The negative thoughts keep coming. You’re constantly worrying, fretting, and analyzing. But don’t feel hopeless and alone. Rumination is difficult to get a handle on, so let’s grab some help…
Monitor your progress and feel good about positive results. Use these guidelines: asking answerable questions…
It’s one crippling thought after another and she has no idea what’s happening. She’s afraid – and even ruminating about that.
Before we dig in, a big thank you to Dr. Chris Aiken at Psych Education. His article, “Overthinking, Worry, and Rumination,” helped a lot with this piece.
Okay, let’s get busy…
What is rumination?
We’ll kick things off with two definitions of “ruminate” from Merriam-Webster: “to go over in the mind repeatedly and often casually or slowly,” “to chew again what has been chewed slightly and swallowed: chew the cud.”
The origin of the word goes back to the 16th century: “to chew the cud; turn over in the mind.”
Chew the cud
Wait, what’s all this “chew the cud” business? As a normal part of digestion, ruminant animals (cows, deer, giraffes, etc.) regurgitate their food, chew it again to add saliva – and down the old hatch it goes for a second time.
Actually, there’s a rare human condition known as rumination syndrome. The individual does exactly what ruminant animals do – they may even spit the food out.
A distress-response mechanism
Within the context of this article, the principle is much the same. Rumination is a distress-response mechanism featuring repetitively and passively focusing upon – regurgitating and reprocessing – the symptoms of distress and their possible causes and consequences.
Rumination is a symptom and cause of depression. In fact, it’s thought that changing the rumination habit can double the chances of recovery. Rumination is prevalent in presentations of anxiety, OCD, and bipolar mania.
It’s known that some subjects are more likely to trigger rumination. Are any of these a fit for you?
- Emotional/mental and physical symptoms
- Conflicts and upsetting events from the past
- Worries about the future
- The perceived intentions of others
- “Why” questions concerning the meaning of things
- Analyzing mistakes or setbacks
- Comparing self to others
What causes rumination?
Like any condition or symptom we discuss, it’s difficult to nail down cause.
I mean, we’re dealing with the brain. However, on the anatomical and physiological side of the fence, it’s believed that ruminative thoughts are associated with increased default mode network (DMN) connectivity, giving it dominance over other brain networks during rest.
Environment and psychology
Then there’s environment and psychology. Perhaps it’ll be useful to consider what we’ll call a ruminator profile. Here are some common characteristics…
- Believing that meaningful insight is being gained through ruminating
- A history of trauma
- Believing that one is facing chronic and uncontrollable stressors
- Personality characteristics: perfectionism, neuroticism, excessive relational focus (overvaluing relationships with others to the point where one makes huge personal sacrifices, no matter the cost)
- Often struggling to find solid solutions to hypothetical problems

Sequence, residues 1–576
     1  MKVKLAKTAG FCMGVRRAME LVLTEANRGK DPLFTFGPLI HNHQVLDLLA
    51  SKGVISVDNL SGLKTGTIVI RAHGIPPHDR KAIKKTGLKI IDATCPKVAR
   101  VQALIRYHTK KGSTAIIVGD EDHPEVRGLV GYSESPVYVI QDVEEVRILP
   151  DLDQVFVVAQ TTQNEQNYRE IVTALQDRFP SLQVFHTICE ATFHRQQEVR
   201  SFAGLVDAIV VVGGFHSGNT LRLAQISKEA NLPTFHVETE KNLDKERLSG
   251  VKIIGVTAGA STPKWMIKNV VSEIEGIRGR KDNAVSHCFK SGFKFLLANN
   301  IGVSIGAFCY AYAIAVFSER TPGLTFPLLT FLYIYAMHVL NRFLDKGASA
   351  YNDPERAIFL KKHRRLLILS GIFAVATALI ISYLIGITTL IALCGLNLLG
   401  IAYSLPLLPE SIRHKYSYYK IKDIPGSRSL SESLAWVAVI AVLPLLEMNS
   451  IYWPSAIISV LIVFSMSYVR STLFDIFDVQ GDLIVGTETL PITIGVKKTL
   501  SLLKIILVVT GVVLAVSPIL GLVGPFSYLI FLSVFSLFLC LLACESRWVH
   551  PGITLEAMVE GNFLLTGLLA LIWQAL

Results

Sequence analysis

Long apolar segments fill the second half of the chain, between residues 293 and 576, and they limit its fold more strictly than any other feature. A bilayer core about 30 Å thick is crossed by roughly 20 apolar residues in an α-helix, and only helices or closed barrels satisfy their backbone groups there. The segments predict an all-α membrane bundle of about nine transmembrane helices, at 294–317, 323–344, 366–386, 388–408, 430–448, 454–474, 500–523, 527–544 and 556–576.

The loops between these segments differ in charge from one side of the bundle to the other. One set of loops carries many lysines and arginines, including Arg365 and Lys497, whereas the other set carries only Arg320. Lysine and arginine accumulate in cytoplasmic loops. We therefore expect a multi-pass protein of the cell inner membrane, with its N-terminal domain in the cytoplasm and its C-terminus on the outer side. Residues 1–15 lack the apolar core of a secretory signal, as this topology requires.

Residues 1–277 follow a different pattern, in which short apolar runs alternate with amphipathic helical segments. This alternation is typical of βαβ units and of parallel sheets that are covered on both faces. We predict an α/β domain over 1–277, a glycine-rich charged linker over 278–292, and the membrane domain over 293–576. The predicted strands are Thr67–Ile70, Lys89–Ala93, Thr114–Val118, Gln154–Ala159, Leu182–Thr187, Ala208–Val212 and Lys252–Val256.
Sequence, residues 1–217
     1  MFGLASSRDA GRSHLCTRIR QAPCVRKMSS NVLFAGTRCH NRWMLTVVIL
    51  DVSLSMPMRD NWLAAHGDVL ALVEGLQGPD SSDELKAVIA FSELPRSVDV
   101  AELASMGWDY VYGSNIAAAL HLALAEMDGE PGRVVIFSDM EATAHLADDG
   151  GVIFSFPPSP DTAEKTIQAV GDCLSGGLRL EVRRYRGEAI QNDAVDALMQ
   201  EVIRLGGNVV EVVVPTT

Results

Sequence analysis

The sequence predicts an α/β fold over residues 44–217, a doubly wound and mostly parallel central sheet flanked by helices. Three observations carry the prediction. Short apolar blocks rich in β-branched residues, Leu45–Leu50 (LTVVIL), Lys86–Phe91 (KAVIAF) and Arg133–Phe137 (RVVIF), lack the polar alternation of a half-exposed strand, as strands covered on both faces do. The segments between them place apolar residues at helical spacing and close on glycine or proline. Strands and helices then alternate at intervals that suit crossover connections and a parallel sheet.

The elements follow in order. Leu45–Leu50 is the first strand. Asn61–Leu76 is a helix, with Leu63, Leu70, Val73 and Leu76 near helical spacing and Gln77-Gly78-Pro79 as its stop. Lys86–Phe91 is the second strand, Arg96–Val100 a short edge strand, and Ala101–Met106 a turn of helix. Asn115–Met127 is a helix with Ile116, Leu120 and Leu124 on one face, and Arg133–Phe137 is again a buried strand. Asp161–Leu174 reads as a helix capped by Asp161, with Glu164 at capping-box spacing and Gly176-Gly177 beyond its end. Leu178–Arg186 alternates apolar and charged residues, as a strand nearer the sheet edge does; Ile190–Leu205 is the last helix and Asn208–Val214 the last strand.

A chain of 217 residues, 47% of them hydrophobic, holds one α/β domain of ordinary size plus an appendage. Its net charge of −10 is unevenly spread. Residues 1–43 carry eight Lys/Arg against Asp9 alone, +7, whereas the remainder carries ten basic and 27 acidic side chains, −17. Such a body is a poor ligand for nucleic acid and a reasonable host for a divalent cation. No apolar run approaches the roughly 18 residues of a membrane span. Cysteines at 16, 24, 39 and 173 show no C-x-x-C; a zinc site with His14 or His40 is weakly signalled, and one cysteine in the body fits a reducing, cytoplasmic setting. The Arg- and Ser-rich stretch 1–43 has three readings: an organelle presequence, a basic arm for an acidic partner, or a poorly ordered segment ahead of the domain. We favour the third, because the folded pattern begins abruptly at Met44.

- Low confidence in one’s solutions and typically failing to implement them
- Often reaching-out to others for support, making it less likely to be received
10 ways to manage rumination
Ruminating is a habit. And like any habit, it can be changed. The key is shifting focus to other goings-on in the present. Of course, those goings-on may have to be created.
So it’s a matter of distraction.
With habit changing and distraction in mind, here are 10 ways to manage rumination…
- Trying to stop will only generate more ruminating. Instead, start an activity.
- Get to know everything about your habit: triggers, when you do it and the circumstances, what brings relief.
- Find ways to engage in the present moment: converse with a friend, play a sport or game, get into a book or movie, listen to music, exercise (nature walks are especially effective), create something, meditate or pray, do mindfulness exercises.
- Find ways to show compassion and empathy. They’re known to override rumination circuits.
- Take step-at-a-time action to begin solving problems. Give yourself plenty of time to complete tasks.
- Reappraise negative perceptions of events and high expectations of others.
- Learn to let go of unhealthy or unattainable goals.
- Develop multiple sources of social support, self-esteem – gratification.
- Monitor your progress and feel good about positive results. Use these guidelines: asking answerable questions, thinking in specifics, having thoughts that lead to a useful decision or plan, having realistic and clearly defined goals, avoiding questions that start with “Why.”
- Find positive uses for rumination when you’re ready: solving problems, rehearsing future events, controlling unwanted feelings, avoiding unwanted action, avoiding activities where there’s a risk of failure or embarrassment.
And there you have it. What do you think?
Change the habit
Rumination: the thoughts keep coming. Yes, it’s difficult to get a handle on the troubling mind-chatter, but don’t ever feel hopeless or alone. A lot of us endure and manage it.
Never forget, ruminating is a habit – one that can be changed. And you can do it.
By the way, if you’d like to do some independent research on rumination, do an internet search for the work of Susan Nolen-Hoeksema – a pioneer in the field.
Be sure to read Overthinking, Worry, and Rumination by Dr. Chris Aiken over at Psych Education, and take the time to peruse the site.
And give the Chipur mood and anxiety inspiration and info titles a look-see. Tons of help to be found.
Default mode network image: Wikimedia Commons, public domain